plainly-dressed love

plainly-dressed

Definitions

Sorry, no definitions found.

Etymologies

Sorry, no etymologies found.

Examples

  • I suggest in the novel that her visible and instinctive shock at the. sudden approach of a plainly-dressed man, old enough to be her father, was such

    The Boleyn Inheritance by Philippa Gregory: Questions

  • If the Lady had only shown her the household servants, she would not have trusted what she saw, but here were people who should never have set eyes on the lady, who, if they ever by some chance had seen her should never recognize the plainly-dressed Lady for the authority that she was.

    Elvenborn

  • His gaze came to rest on a far corner where a plainly-dressed man with a kaffia pulled well down over his face sat cross-legged on the floor in a dim alcove.

    Conan the Freebooter

  • When he was ushered into her sitting-room he was surprised to find that she and Miss Hope were not alone; that a plainly-dressed man, who looked almost as old as Mr. Madgin himself, was seated at the table.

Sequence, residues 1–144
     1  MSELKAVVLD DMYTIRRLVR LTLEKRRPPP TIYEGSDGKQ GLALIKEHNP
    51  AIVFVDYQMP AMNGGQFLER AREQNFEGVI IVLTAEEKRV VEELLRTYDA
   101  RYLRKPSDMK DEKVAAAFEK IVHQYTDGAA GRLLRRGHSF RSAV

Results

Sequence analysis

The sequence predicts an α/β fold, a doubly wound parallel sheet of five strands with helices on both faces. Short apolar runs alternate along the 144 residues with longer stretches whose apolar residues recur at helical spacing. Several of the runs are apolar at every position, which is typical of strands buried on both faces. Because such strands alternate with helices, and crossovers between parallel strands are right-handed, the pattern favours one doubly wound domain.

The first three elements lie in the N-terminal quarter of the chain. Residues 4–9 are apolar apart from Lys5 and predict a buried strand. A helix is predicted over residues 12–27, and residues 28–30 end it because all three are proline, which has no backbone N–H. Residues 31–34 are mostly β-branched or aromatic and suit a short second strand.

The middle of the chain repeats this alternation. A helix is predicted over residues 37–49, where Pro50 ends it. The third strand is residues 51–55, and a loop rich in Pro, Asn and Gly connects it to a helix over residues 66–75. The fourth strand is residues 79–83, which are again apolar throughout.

The Argosy Vol. 51, No. 5, May, 1891

  • Suddenly the cackling, fluttering, feathered one dashed in the direction of a plainly-dressed stranger.

    A Yeoman's Letters Third Edition

  • Several plainly-dressed people were evidently taking their own

    The Girl from Sunset Ranch Or, Alone in a Great City

  • The churches were crowded, and plainly-dressed women -- most of them in mourning -- passed into their pews with pale, sad faces, on which grief and anxiety had both set their handwriting.

    Four Years in Rebel Capitals An Inside View of Life in the Southern Confederacy from Birth to Death

  • She finally spied her coming down the platform with a plainly-dressed girl whose pale face, under a brown sailor hat, bore the unmistakable stamp of the student.

    Marjorie Dean, College Sophomore

  • She was not ashamed to recognize a plainly-dressed acquaintance in the most public thoroughfare, nor did she ever make an excuse to be pre-occupied when approached by some coarse but well-meaning inferior.

    Marguerite Verne

  • A plainly-dressed girl with dark eyes and unusually pale cheeks returned his greeting quietly, and followed them into the dining-room.

    A Prince of Sinners

Comments

Log in or sign up to get involved in the conversation. It's quick and easy.